The data are derived from the studies used to gain approval of the RNA vaccines. Groups were either given the vaccine or a placebo and the number who developed Serious Adverse Events (SAEs) were counted. The data was normalized to 10,000 for ease of comparisons. To explain the Pfizer results:
"“The Pfizer trial exhibited a 36 % higher risk of serious adverse events in the vaccine group; risk difference 18.0 per 10,000 vaccinated (95 % CI 1.2 to 34.9); risk ratio 1.36 (95 % CI 1.02 to 1.83)."
With the Pfizer vaccine more developed SAEs compared to the placebo group. As in any study there is variation in the results, which when quantified showed that the number of additional SAEs could range from 1.2 to 34.9 with 95% statistical confidence, with 18 the most probable. The 36% higher risk put in numbers means that 50 out of 10,000 from the placebo group showed SAEs compared to 68 out 10,000 for the Pfizer vaccine—(68-50)/50 = 0.36. The risk ratio is Pfizer/placebo (68/50) = 1.36. Again, when taking into account observed variability, this ratio ranges from 1.02 to 1.82 at 95% confidence. The same goes for the Moderna data.
Note that the statement: " Combined, there was a 16 % higher risk of serious adverse events in mRNA vaccine recipients" does NOT mean 16% of vaccinated get SAEs. It means there is a 16% higher risk compared to those vaccinated with no RNA. The frequency of SAEs was relatively low, <100 per 10,000.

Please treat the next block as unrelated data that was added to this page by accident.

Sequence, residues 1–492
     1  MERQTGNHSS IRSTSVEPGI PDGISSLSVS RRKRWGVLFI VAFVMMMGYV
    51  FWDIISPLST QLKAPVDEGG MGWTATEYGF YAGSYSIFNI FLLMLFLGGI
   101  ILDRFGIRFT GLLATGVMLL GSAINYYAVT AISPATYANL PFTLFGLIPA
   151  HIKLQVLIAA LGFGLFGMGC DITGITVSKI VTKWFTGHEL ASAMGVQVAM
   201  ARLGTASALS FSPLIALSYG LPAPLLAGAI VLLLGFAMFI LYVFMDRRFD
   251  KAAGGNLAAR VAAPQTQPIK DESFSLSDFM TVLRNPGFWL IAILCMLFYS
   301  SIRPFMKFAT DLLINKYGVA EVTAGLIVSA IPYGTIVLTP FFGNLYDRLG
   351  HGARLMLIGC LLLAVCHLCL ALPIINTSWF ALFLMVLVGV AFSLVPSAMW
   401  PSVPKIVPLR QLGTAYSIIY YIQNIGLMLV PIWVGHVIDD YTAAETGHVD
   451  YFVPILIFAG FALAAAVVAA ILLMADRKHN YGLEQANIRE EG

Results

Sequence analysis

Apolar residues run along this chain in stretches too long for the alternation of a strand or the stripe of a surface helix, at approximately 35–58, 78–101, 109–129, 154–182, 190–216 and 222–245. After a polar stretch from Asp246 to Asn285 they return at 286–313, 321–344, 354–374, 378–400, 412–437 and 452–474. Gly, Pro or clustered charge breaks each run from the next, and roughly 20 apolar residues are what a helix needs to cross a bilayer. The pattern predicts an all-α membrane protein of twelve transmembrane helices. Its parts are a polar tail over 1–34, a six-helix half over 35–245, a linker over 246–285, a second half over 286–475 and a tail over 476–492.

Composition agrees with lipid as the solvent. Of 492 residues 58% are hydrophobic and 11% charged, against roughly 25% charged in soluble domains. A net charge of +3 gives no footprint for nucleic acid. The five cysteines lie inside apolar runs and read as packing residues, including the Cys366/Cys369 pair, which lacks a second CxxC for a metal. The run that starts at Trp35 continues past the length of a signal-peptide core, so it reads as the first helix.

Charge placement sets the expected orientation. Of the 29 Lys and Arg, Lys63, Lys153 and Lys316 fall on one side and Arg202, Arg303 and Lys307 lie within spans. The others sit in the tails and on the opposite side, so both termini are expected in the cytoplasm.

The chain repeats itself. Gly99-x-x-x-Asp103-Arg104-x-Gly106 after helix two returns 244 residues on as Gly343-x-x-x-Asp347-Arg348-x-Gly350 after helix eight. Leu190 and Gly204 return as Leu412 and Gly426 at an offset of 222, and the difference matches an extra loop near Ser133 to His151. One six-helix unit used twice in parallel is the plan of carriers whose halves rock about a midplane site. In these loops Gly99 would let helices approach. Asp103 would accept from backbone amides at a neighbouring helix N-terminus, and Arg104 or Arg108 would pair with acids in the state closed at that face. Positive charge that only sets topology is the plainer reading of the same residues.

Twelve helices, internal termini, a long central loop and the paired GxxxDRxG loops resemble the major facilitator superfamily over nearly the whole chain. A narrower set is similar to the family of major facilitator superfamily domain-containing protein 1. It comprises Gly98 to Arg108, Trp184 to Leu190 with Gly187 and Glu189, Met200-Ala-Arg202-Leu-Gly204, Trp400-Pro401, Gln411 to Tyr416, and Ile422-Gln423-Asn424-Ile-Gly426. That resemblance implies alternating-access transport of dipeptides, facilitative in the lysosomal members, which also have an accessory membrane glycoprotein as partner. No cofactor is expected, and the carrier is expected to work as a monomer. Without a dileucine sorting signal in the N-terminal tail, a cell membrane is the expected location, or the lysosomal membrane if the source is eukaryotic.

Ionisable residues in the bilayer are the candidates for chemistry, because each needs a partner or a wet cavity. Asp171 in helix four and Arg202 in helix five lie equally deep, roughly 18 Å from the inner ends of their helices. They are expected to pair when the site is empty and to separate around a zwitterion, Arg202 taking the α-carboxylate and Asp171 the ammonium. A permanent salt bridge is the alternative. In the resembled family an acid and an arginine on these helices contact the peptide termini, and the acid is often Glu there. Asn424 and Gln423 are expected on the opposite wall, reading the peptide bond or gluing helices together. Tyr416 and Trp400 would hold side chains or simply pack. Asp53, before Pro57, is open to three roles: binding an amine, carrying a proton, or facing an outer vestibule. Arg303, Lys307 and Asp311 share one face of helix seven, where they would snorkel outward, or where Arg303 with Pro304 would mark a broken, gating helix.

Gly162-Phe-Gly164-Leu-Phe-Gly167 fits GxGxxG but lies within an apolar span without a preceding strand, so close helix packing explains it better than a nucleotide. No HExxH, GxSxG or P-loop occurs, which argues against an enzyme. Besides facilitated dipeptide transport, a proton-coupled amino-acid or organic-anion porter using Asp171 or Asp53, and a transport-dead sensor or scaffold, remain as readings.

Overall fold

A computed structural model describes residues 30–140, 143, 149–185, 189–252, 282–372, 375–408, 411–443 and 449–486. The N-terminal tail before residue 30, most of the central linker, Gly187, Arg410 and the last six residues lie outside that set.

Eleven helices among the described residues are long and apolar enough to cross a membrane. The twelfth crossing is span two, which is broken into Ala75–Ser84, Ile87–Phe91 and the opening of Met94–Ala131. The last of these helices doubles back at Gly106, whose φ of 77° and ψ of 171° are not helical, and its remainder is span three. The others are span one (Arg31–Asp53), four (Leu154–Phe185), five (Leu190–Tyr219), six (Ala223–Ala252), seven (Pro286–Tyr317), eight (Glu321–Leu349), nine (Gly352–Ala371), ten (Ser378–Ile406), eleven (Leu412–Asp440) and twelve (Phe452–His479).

Also worth noting one conclusion of these authors who made a quick and superficial risk assessment just to provide some context to the data (AESI means adverse events of special interest which simply means bad stuff that from their biology are likely to be a direct result of the specific vaccine):
In the Moderna trial, the excess risk of serious AESIs (15.1 per 10,000 participants) was higher than the risk reduction for COVID-19 hospitalization relative to the placebo group (6.4 per 10,000 participants). In the Pfizer trial, the excess risk of serious AESIs (10.1 per 10,000) was higher than the risk reduction for COVID-19 hospitalization relative to the placebo group (2.3 per 10,000 participants)….[this data is summarized in the Discussion as:] Rational policy formation should consider potential harms alongside potential benefits. To illustrate this need in the present context, we conducted a simple harm-benefit comparison using the trial data comparing excess risk of serious AESI against reductions in COVID-19 hospitalization. We found excess risk of serious AESIs to exceed the reduction in COVID-19 hospitalizations in both Pfizer and Moderna trials.". https://www.ncbi.nlm.nih.gov/pmc/articles/PMC9428332/
So they cautioned that for most healthy individuals using hospitalization as the metric, the data shows a possible greater risk from the vaccines than from Covid at the time of the analysis.
I want to emphasize that this is only one study of what will likely be many that are analyzing the data coming out of the pandemic. No doubt there will be some that disagree. Just keep in mind that the development and deployment of the Covid RNA vaccines were unprecedented in their speed so there is much less data on secondary effects than typical for vaccines. I am not saying the vaccines are dangerous, I’ve had three jabs of Moderna. But it may be prudent to consider the possible risks of future boosters to a Covid disease that appears to be becoming increasingly more mild.